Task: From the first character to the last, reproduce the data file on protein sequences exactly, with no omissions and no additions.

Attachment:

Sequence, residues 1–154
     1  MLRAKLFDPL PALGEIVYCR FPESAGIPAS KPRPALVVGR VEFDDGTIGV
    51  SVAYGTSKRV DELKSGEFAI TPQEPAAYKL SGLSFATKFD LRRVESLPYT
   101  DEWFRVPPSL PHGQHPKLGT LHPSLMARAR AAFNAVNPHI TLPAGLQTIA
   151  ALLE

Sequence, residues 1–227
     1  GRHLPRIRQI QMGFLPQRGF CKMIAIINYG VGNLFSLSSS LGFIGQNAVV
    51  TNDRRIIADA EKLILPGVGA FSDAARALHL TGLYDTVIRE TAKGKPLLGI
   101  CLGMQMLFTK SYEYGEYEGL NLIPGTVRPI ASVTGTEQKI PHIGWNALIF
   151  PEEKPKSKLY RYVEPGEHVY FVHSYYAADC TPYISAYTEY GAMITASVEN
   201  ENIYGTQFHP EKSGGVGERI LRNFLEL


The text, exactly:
Sequence, residues 1–154
     1  MLRAKLFDPL PALGEIVYCR FPESAGIPAS KPRPALVVGR VEFDDGTIGV
    51  SVAYGTSKRV DELKSGEFAI TPQEPAAYKL SGLSFATKFD LRRVESLPYT
   101  DEWFRVPPSL PHGQHPKLGT LHPSLMARAR AAFNAVNPHI TLPAGLQTIA
   151  ALLE

Sequence, residues 1–227
     1  GRHLPRIRQI QMGFLPQRGF CKMIAIINYG VGNLFSLSSS LGFIGQNAVV
    51  TNDRRIIADA EKLILPGVGA FSDAARALHL TGLYDTVIRE TAKGKPLLGI
   101  CLGMQMLFTK SYEYGEYEGL NLIPGTVRPI ASVTGTEQKI PHIGWNALIF
   151  PEEKPKSKLY RYVEPGEHVY FVHSYYAADC TPYISAYTEY GAMITASVEN
   201  ENIYGTQFHP EKSGGVGERI LRNFLEL